Canada & Alaska
July 02, 2005 GMT
The run across to Jasper was uneventful, both of us full of colds, that will teach us for going to Alaska! *Laugh*
Jasper is a very trendy ski village, although still remains quaint and plesant. We stayed in a Home Stay - which is like a Bed and Breakfast without the breakfast. The proprietors moved their car out of the shed so the bike could have a warm bed too!
The ride from Jasper throught the Rocky Mountains to Calgary was more foggy than rocky. It was so cold we did not even want to stop and look at the Ice Fields. It was a balmy 4 degrees celcius and there was quite a bit of rain about.
Grant was concerned about the state of the rear tyre in those conditions, though it seemed to grip quite well even though it had 25,000 kms on it. Yeah for Metzeler Tourance.
Arriving in Calagry we were met by our dear friends Brenda and Kevin (whom we had met 5 years earlier in Mexico) who looked after us for a whole week. Warm bed, Red Wine, good food. Luxury!
The 1st of July was Canada Day and to celebrate Brenda and Marilyn prepared a traditional Turkey Feast - normally a Thanksgiving or Chirstmas fare, but was put on especially for us. Brenda and Julie had many an email over the years about the Turkey Dinner!
A highlight of the meal (appart from the experimental frozen turkey) was a delicious little thing called Turnip Puff. It is so yummy and makes excellent left overs. Brenda uses her Mums recipe.
Brenda and Kevin took us to the Calgary Tower. It is really neat! From the tower you can survey the entire area and see for miles, on a clear day the Rocky Mountains are spectacular. There is a glass floored section that feels extremely odd to stand on. For people that know Julie well enough, you would know her dislike of heights.
Calgary was a good base to head out on a few day trips. One day we went out to Lake Louise and Banff in the Rocky Mountanis. The scenery is very beautiful. It is very exciting to ride towards the mountains from Calgary as they appear out of a flat prarie landscape and continue to grow in stature and detail the closer you get.
We were also able to take in the Head Smashed in Buffalo Jump site. This is really interesting place. For thousands of years the local Indian people would heard buffalo to this site and run them off the cliff, killing them for food and hides etc. It is a very well preserved site and well worth the visit.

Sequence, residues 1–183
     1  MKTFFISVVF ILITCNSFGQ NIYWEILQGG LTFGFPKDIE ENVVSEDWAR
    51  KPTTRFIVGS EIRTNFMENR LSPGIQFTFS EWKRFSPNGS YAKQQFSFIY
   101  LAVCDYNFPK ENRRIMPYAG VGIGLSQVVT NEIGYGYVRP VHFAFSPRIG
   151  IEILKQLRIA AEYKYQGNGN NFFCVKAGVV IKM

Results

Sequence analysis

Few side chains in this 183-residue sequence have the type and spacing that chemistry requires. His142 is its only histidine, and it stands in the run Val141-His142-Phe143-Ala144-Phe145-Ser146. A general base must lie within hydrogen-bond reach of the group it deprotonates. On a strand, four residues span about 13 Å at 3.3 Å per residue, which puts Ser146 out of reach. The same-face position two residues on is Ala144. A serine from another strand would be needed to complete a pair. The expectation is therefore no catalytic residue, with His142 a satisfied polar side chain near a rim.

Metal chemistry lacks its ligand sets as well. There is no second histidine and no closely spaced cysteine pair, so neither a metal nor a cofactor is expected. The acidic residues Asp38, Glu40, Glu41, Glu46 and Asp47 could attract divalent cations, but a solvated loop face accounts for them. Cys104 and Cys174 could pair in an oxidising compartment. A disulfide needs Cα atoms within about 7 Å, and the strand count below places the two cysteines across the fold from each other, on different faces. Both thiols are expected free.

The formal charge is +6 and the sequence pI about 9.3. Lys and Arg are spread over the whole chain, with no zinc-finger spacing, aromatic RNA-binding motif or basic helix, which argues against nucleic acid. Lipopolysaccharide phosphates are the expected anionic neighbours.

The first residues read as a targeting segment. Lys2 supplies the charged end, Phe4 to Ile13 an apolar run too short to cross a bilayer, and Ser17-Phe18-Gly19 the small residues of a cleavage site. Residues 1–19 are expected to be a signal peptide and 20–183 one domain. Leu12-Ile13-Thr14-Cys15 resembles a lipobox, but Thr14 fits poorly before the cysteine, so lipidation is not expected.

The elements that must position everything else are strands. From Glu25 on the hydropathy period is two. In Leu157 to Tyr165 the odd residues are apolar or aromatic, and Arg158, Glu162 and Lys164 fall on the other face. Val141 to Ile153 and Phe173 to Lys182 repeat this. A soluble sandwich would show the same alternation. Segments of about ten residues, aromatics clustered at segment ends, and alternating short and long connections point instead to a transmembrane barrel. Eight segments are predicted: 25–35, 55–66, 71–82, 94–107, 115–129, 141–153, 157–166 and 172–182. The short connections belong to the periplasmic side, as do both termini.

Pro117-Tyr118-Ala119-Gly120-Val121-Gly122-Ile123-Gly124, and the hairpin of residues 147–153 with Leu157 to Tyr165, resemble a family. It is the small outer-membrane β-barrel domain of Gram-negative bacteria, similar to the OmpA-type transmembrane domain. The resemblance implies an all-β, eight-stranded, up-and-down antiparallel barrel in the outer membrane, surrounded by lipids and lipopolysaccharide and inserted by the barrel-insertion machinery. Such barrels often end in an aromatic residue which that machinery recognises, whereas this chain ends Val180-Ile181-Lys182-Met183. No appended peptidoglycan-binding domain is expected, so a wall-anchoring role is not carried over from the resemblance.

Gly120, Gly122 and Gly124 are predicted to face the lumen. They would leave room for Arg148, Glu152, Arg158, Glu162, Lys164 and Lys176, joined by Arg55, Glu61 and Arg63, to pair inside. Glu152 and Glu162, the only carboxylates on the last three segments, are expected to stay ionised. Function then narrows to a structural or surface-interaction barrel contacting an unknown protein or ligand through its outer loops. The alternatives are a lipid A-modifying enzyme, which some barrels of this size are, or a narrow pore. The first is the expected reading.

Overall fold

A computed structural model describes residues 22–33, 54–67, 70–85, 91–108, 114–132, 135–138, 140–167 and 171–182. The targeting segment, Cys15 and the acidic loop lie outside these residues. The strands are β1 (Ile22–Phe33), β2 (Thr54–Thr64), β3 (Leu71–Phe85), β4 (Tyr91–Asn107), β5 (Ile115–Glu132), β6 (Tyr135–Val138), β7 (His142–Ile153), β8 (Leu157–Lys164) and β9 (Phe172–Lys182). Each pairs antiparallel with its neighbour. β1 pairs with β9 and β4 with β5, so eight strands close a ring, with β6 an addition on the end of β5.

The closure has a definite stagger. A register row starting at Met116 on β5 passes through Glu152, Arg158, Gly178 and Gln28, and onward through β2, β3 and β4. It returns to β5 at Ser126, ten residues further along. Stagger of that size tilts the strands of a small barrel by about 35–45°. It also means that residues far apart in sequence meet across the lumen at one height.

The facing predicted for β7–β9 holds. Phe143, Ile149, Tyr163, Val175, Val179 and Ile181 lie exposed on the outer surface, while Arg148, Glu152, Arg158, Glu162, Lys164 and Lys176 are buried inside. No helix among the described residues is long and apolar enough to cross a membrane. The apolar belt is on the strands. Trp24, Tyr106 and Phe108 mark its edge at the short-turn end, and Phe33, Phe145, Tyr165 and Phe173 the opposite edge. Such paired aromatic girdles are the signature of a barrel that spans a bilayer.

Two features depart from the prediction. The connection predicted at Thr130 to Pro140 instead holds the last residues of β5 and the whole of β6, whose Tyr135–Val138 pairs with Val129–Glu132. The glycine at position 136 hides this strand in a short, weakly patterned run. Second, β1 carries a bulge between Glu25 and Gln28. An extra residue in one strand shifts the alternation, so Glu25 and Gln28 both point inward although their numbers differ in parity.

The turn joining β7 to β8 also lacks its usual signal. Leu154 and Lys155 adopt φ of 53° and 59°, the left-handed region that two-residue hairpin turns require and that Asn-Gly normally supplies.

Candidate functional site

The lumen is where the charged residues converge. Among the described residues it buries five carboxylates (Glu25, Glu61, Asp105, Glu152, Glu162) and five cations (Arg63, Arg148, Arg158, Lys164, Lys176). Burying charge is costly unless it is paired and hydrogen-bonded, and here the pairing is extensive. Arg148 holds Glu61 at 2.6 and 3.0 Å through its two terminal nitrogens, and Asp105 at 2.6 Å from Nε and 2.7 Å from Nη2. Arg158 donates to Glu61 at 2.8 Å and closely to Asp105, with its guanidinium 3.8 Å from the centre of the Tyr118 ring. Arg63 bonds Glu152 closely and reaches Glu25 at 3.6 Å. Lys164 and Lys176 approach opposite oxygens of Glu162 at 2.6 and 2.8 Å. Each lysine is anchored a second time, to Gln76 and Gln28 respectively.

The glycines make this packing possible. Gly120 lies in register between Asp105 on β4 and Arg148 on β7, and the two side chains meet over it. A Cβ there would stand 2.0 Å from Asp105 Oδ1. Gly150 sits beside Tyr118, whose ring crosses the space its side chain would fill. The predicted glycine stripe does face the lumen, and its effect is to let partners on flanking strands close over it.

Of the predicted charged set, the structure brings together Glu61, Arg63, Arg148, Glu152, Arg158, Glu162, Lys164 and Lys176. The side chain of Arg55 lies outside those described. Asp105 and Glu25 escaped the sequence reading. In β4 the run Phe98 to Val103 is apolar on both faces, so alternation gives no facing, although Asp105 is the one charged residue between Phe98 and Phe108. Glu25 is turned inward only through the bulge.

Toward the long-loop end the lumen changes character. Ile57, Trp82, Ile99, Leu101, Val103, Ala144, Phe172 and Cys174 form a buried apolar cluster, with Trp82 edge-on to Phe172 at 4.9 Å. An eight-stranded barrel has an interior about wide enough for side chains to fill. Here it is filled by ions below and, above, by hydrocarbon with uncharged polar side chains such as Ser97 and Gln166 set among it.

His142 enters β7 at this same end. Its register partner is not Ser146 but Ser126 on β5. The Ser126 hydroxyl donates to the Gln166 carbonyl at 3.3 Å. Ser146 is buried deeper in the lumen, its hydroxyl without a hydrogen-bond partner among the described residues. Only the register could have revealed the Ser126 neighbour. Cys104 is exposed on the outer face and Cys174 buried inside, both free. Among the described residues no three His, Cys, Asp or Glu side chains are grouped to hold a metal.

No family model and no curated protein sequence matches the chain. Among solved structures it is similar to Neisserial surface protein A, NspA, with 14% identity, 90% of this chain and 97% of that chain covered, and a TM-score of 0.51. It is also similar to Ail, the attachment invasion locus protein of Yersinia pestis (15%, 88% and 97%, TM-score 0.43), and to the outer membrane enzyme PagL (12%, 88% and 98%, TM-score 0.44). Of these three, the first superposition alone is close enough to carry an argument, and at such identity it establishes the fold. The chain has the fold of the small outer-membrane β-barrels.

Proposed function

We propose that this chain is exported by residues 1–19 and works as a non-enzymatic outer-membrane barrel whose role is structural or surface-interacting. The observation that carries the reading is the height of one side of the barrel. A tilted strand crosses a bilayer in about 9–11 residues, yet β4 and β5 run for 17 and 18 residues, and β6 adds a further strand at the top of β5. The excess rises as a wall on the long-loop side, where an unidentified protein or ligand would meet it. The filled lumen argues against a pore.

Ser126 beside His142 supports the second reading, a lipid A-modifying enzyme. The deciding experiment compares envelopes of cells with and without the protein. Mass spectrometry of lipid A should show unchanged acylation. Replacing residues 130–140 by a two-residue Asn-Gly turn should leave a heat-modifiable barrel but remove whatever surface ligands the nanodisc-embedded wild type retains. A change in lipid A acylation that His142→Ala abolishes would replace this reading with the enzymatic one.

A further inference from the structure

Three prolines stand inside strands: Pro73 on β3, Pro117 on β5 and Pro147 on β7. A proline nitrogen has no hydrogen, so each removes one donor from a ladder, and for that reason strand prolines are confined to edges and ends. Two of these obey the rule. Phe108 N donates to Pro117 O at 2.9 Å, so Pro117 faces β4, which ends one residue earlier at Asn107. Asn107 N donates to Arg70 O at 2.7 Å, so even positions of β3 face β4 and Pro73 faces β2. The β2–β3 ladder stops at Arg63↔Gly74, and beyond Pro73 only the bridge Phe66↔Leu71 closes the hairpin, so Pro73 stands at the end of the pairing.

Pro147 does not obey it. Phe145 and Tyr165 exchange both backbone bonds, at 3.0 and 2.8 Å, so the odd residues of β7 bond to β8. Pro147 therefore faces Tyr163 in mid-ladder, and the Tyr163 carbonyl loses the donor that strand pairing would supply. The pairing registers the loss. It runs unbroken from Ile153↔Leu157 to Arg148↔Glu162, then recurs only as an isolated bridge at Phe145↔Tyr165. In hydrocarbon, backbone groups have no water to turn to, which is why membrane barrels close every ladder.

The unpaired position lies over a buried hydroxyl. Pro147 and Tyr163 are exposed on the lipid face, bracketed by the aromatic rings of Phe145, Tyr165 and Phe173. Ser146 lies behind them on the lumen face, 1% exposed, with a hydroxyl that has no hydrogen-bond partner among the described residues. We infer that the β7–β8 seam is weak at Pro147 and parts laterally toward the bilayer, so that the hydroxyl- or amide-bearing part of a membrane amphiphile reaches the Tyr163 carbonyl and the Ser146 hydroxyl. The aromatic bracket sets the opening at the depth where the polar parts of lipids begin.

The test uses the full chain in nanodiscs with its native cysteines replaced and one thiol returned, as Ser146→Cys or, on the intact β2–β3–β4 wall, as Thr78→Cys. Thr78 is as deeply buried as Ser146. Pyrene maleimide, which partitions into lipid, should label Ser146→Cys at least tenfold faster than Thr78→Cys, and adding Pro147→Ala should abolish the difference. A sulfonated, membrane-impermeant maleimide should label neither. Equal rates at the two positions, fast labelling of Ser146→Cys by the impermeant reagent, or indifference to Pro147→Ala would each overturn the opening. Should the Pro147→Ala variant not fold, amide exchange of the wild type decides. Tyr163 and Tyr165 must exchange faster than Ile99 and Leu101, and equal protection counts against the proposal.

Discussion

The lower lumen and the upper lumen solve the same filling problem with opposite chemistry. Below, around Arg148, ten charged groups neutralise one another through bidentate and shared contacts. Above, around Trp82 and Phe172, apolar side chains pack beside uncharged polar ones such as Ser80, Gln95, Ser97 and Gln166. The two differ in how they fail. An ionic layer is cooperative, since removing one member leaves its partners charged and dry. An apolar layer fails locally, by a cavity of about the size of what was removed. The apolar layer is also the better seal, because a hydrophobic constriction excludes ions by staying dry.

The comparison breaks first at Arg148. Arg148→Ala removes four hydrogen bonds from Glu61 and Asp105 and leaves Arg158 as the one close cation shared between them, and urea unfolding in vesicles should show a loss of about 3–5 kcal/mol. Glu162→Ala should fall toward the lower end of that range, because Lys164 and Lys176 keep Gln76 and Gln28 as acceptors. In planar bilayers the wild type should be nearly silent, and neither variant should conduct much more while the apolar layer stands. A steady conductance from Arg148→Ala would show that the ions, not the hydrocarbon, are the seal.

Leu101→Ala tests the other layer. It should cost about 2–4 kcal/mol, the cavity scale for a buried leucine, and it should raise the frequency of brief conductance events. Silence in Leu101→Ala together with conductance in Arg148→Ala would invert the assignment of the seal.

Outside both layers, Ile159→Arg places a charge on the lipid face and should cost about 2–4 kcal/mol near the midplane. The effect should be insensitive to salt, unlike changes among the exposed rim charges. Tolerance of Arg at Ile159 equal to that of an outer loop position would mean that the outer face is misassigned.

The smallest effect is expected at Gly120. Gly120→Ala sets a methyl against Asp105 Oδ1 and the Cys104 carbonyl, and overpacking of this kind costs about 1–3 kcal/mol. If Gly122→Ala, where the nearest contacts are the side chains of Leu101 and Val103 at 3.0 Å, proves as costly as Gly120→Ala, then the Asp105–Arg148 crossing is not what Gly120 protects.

Whilst in Calgary we celebrated Julies Birthday... very early! Well why not, she announces it for months in advance anyway!
Sadly we left our Calgary friends for the Lussier Hot Springs in the White Swan Provincial Park.
These natural pools are set in as stunning location. You sit beside the rushing 'cold' river in a warm bath temperature pool watching the water run by. (Thanks Kevin for the suggestion!).
To get there you need to travel on a gravel road for aobut 20km's. It is a good road but you have to watch out for the shear drop offs and the logging trucks!
The wild flowers were out in abundance. Red, pink, yellow, white, blue and purple painted the medows and the scents were delicous and sweet.
After relaxing around the hot springs we headed to Creston where a lot of fruit is grown, we spent time cleaning and re-oiling the air filter and eating peaches and cherries during the warm days.
We used this time to clean the air filter, which was filthy!
It was time to say good by to Canada with thoughts of a more extensive trip in the future.
Posted by Julie Rose at 11:53 PM
North to Alaska
After passing the Emerald Lake we stopped for a breakfast/brunch/lunch at Carcross where we met Jo and Graham on a BMW from New Zealand who were traveling with Mark and Lisa, also on a BMW from New Mexico. They had just gotten off the ferry from Skagway and we spent some time chatting with them and getting the low down on the ferry trip we were to make in the next few days.
The ride down to Skagway is one of the most stunning and awesome roads we have been on so far.
Canadian/Alaskan Boarder - Klondike Highway
The Canadian/American border is high in the Continental Divide mountains where snow and ice is still abundant, even for summer. We did a short hike thought the alpine high country enjoying the clean air and crystal clear water from snow melt before continuing on the rapid descent to the coast, and Skagway.
Skagway is a really neat little tourist town preserved in the Gold Rush theme, specifically for the numerous and grand Alaska cruise ships, however there is a fabulous little restaurant called ‘Stowaway Café’ that serves huge slabs of fresh halibut! One serve is enough for two! (Thanks Lynn for our dinner.)
Once the ferry tickets were secured we waited at the terminal until boarding where we met Howard and Alan from California who were traveling around Alaska on the BMW and Gold Wing respectively. We had such a nice time talking about travelling and motorcycling... as you do!
Waiting for the boat